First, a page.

No application for judicial review shall be made unless the leave of the High Court has been obtained in accordance with rules of court; and the court shall not grant leave to make such an application unless it considers that the applicant has a sufficient interest in the matter to which the application relates.
The leading authority on this provision comes from the Fleet Street Casuals case, which laid down the principle that the determination of whether a claimant had standing needed to be conducted within the “legal and factual context” of the case.
By increasing the cost burden, it may be more difficult for claimants such as non-governmental organisations (NGOs) to bring in claims against the government as their members are not directly affected by the issue in question.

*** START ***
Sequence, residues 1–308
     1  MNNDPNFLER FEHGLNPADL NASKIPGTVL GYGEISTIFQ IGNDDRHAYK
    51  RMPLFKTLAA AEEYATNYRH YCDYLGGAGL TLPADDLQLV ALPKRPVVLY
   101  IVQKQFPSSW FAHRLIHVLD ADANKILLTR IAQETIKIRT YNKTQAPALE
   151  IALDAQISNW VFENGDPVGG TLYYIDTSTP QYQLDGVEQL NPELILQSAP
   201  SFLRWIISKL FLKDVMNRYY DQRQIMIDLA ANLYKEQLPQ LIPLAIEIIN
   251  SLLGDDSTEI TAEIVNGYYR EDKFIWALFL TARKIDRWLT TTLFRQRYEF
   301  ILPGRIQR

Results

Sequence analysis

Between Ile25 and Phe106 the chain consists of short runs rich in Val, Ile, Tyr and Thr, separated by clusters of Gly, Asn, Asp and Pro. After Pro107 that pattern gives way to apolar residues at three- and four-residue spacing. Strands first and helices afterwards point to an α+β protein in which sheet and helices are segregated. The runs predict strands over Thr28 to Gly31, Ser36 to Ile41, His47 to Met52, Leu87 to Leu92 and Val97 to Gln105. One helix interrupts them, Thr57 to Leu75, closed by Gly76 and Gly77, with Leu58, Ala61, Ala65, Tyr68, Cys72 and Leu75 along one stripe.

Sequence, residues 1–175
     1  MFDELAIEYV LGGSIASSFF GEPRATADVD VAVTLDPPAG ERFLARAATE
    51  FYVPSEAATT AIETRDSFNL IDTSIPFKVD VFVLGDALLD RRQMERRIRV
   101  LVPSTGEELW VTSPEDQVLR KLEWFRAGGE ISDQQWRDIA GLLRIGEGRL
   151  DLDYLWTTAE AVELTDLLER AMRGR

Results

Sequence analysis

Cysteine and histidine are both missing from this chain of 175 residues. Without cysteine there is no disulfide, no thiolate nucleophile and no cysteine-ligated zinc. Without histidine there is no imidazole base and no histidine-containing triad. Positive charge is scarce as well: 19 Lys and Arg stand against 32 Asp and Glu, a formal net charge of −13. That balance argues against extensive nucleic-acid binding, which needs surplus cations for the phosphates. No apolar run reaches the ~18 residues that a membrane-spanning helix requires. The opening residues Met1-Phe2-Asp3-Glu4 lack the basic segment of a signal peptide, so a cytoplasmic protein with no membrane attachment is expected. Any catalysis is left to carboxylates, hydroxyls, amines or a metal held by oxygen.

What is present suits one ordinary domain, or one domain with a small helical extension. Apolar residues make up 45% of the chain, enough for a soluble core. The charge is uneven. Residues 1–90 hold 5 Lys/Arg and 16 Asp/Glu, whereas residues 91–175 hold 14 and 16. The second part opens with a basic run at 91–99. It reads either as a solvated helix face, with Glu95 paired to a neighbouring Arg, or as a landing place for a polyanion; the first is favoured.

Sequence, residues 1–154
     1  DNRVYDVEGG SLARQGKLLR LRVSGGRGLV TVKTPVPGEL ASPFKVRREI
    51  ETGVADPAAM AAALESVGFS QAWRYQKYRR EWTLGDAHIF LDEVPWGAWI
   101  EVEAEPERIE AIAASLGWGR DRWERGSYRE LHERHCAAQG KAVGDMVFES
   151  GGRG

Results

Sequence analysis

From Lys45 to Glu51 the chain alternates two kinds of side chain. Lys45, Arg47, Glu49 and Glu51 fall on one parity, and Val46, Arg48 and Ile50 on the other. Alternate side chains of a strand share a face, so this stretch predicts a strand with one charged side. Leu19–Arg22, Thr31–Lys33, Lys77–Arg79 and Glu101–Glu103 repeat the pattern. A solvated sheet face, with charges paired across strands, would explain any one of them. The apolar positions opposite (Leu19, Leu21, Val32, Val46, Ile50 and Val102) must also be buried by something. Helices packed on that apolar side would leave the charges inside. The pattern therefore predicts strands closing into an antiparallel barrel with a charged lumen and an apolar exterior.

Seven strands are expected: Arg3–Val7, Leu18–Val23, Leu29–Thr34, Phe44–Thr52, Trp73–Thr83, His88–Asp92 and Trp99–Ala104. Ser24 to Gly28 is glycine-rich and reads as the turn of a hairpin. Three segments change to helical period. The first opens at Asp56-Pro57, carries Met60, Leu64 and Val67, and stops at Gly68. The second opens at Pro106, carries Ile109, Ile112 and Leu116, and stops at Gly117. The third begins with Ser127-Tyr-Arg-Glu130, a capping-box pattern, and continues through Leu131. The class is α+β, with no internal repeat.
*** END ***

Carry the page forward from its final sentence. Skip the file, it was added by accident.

This may be considered to clash with the rule of law. In Walton v Scottish Ministers, it is said that courts had a responsibility beyond “redress[ing] individual grievances” to fulfil its “constitutional function of maintaining the rule of law”. Hence, these new reforms which raise the bar for “sufficient interest” may be unduly restrictive in the sense that they reduce the ability for claims to be brought against the government in the absence of identifiable victims. The court echoes this sentiment in AXA General Insurance Ltd and others v HM Advocate and others, by emphasising that a “public authority can violate the rule of law without infringing the rights of any individual”.
Lord Burnett, the current Lord Chief Justice, has affirmed concerns about the rule of law being in jeopardy as hostility towards the judiciary within the government continues to grow. In a speech in May, he asserts that “attacks on or a diminution in the institutional independence of the judiciary not only undermine the judiciary, but the rule of law itself.”